Food rail for Tuesday, Nov. 25, with a tip about green beans, an easy recipe for peanut butter cookies, and more.
Tip of the Week: Know your green beans
We all know what a green bean is, but what happens when a recipe calls for snap beans, string beans, wax beans or haricot vert? They are all the same beans, except for the wax bean, which is yellow.
Slender beans that are crisp and unblemished are the best. They store in a plastic bag for up to five days in the vegetable crisper.
-- The Repository
Easy recipe: Peanut Butter Cookies
1 1/3 cups oat flour
3/4 teaspoon baking soda
1/4 teaspoon salt
1/2 cup margarine
1/2 cup peanut butter or almond butter
1/2 cup sugar
1/2 cup brown sugar
1/2 teaspoon vanilla
Preheat oven to 375 degrees.
Stir together flour, baking soda and salt.
In mixer bowl, beat margarine for 30 seconds. Add peanut butter and sugars. Beat until fluffy. Add egg and vanilla. Beat well.
Shape into balls. Place 2 inches apart on ungreased cookie sheet. Press tines of fork on cookie to make criss-crosses.
Would You Buy It? Beer Chips
Product: Beer Chips
Details: Thick-cut, kettle-style potato chips coated with beer, sugar, honey and salt
Availability: Order online at www.beerchips.com.
Comments: The taste of beer was subtle in the chips; for some testers, it was overpowered by sweetness. Regardless, we found the chips crispy, salty and oh-so-easy to chug.
Would you buy it? Yep. Bottoms up.
-- State Journal-Register
Tzatziki is a great yogurt based sauce. Which vegetable is the main ingredient used in its preparation?
Answer is at bottom of column
Wise to the Word: Devon cream
Devon (DEHV-uhn) cream, also called clotted cream, is an English concoction often called for in desserts. It is the semi-solid layer of cream that forms when unpasteurized milk is heated.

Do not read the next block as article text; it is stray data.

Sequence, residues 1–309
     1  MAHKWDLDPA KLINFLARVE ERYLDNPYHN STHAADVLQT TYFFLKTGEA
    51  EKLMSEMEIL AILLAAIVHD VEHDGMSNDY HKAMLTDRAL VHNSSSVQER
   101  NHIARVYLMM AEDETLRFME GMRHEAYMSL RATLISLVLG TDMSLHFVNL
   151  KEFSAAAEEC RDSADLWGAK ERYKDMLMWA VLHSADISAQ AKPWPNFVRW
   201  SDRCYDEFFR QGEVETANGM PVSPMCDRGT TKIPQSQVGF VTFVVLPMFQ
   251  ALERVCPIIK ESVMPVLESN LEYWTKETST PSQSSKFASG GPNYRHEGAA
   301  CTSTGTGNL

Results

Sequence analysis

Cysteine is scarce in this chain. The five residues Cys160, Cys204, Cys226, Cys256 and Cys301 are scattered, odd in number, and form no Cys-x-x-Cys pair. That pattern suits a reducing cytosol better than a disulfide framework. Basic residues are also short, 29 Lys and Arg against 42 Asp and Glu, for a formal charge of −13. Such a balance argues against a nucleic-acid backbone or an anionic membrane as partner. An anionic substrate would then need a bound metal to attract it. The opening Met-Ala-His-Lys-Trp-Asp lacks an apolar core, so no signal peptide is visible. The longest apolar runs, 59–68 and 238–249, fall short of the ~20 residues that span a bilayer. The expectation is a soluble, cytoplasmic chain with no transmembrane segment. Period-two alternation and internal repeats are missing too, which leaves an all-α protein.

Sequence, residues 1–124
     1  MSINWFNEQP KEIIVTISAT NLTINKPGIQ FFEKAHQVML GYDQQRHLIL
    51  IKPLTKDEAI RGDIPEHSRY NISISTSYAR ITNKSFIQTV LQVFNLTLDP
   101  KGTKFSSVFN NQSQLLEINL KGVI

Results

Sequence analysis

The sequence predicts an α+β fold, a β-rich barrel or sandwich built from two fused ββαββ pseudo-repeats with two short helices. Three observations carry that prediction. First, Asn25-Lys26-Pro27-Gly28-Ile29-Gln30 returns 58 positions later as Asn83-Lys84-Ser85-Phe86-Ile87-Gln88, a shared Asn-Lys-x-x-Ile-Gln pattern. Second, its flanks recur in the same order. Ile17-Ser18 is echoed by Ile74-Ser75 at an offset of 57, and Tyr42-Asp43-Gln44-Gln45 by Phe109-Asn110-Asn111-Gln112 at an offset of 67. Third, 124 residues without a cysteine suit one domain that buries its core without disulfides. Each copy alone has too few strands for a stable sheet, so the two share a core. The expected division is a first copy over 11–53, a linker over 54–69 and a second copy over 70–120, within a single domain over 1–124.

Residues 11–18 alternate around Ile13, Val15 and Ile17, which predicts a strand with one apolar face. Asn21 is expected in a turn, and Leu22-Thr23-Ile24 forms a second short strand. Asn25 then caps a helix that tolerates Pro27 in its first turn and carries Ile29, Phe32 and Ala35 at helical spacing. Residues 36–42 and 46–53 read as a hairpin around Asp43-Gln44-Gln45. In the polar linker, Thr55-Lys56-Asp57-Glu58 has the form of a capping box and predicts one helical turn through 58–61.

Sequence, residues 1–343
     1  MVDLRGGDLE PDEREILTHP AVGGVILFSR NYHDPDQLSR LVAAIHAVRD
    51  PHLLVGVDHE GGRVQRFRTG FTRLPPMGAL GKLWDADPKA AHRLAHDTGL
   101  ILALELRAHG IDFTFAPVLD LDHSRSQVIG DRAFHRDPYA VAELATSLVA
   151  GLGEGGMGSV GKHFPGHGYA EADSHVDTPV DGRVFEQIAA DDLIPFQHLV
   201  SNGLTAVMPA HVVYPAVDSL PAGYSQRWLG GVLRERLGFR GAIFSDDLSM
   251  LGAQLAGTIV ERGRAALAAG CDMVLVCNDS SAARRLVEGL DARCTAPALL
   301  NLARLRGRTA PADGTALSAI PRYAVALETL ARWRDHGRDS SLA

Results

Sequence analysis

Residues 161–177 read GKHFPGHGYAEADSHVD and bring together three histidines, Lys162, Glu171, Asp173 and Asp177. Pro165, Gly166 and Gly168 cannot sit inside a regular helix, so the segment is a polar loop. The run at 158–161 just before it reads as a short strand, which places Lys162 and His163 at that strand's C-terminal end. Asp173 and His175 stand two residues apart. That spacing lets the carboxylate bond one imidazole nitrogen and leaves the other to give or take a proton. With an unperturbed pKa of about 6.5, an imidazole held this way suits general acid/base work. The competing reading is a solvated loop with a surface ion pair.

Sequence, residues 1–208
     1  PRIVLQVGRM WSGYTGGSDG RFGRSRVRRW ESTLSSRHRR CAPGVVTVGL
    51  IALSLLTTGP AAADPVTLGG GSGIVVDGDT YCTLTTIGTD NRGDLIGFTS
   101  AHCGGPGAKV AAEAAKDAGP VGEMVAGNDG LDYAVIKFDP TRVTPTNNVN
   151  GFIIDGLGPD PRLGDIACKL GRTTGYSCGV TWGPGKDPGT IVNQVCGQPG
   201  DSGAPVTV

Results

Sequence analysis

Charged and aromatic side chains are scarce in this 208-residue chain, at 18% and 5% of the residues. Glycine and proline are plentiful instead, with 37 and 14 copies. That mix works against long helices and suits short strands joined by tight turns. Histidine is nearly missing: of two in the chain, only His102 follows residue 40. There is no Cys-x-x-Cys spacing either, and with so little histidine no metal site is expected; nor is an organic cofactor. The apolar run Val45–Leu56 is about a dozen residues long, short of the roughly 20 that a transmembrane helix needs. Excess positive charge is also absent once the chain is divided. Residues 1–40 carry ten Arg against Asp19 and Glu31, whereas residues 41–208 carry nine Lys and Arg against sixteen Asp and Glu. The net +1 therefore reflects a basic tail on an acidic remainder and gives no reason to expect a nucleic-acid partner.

It often is spooned atop desserts and spread with jam on scones for a traditional English “cream tea.” It is available in gourmet shops at $8 for 6 ounces.
-- The Repository
Number to Know: 14
Grams of fat in two tablespoons of Hidden Valley Ranch Dressing
The Dish On … “Real Food: What to Eat and Why” by Nina Planck
A vital and original contribution to the hot debate about what to eat and why, “Real Food” is a thoroughly researched rebuttal to dietary fads and a clarion call for the return to old-fashioned foods.
In lively, personal chapters on produce, dairy, meat, fish, chocolate and other real foods, Planck explains how ancient foods like beef and butter have been falsely accused, while industrial foods like corn syrup and soybean oil have created a triple epidemic of obesity, diabetes and heart disease.
Planck grew up in Virginia selling vegetables at farmers’ markets and later created the first farmers’ markets in London, England. In New York City, she ran the legendary Greenmarkets.
From the Beer Nut’s Blog
I’m a big fan of beers that are aged in barrels or aged with wood chips, preferably oak.
I typically seek these beers out and seem to enjoy the flavors the wood and its previous use impart in the beers. Many times, if there are two versions of the beer, I prefer the one aged with wood.
Try Great Divide’s Oak Aged Yeti Imperial Stout, one of my favorite beers. If you like a little more subtlety with your wood-aged beer, the Allagash Curieux, Odyssey and Musette are all aged in wood barrels.
To read more from the Beer Nut, visit http://blogs.townonline.com/beernut/
Food Quiz Answer
GateHouse News Service